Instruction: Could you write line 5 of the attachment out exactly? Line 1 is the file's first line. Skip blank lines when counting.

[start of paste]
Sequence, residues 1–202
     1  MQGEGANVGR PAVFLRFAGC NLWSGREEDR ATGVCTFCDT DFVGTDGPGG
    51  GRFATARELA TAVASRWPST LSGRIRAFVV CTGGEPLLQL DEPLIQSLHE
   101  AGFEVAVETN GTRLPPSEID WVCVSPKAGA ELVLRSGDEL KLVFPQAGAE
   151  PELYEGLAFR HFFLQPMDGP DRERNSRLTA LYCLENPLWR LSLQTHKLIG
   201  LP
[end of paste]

   151  PELYEGLAFR HFFLQPMDGP DRERNSRLTA LYCLENPLWR LSLQTHKLIG